Hacking isn’t a kid’s game anymore. It’s big business. Online black markets are flush with stolen credit card data, driver’s license numbers, and malware, the programs that let hackers exploit the security weaknesses of commercial software. Cybercriminals have become an organized bunch; they use peer-to-peer payment systems just like they’re buying and selling on eBay, and they’re not afraid to work together.
Read How Does The Hacker Economy Work? from Information Week
Today, cyberscams are the fastest-growing criminal niche. Scores of banks and e-commerce giants, from JPMorgan Chase & Co. (JPM ) to walmart.com (WMT ), have been hit, sometimes repeatedly, by hackers and online fraud schemes. The 2005 FBI Computer Crime Survey estimated annual losses to all types of computer crime — including attacks of viruses and other “malware,” financial fraud, and network intrusions — at $67 billion a year. Of the 2,066 companies responding to the survey, 87% reported a security incident. The U.S. Federal Trade Commission, which says identity theft is its top complaint, on May 10 created an Identity Theft Task Force following an executive order signed by President George W. Bush.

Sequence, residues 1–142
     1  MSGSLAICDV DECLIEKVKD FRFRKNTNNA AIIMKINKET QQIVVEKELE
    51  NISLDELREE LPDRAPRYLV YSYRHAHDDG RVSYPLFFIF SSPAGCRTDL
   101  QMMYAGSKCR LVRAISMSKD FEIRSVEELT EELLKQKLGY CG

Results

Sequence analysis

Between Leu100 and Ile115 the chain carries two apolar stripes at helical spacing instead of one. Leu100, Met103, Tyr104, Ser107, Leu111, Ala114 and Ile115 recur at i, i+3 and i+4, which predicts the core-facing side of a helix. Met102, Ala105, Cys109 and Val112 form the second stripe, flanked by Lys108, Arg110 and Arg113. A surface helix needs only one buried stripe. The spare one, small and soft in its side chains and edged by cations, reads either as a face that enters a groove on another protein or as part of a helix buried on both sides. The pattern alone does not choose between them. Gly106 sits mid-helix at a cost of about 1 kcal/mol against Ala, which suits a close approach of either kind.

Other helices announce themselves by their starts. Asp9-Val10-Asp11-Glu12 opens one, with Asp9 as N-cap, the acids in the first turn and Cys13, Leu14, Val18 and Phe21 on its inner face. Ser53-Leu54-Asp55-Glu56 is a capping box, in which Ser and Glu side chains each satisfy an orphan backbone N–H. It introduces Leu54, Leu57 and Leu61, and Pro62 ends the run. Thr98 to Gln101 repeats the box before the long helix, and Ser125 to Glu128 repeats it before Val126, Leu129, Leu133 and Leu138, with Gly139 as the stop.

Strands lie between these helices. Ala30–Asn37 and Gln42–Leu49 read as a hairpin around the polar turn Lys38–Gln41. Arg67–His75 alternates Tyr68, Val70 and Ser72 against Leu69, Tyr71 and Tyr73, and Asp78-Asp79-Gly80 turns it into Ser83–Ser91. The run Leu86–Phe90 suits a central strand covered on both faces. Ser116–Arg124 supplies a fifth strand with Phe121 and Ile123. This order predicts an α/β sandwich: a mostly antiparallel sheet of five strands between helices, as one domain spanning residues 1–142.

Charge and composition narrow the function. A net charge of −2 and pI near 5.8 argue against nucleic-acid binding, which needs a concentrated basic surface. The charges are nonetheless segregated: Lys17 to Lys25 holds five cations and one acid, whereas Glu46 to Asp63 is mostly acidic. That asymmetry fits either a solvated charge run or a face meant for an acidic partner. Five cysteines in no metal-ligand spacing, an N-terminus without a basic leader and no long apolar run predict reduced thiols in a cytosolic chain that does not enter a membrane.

Read Meet The Hackers from BusinessWeek
Karl and other ordinary citizens are being widely recruited by international crime groups to serve as unwitting collaborators — referred to as mules — in Internet scams to convert stolen personal and financial data into tangible goods and cash. Cybercriminals order merchandise online with stolen credit cards and ship the goods overseas — before either the credit card owner or the online merchant catches on. The goods then are typically sold on the black market.
Read Cybercrooks lure citizens into international crime from the USA Today
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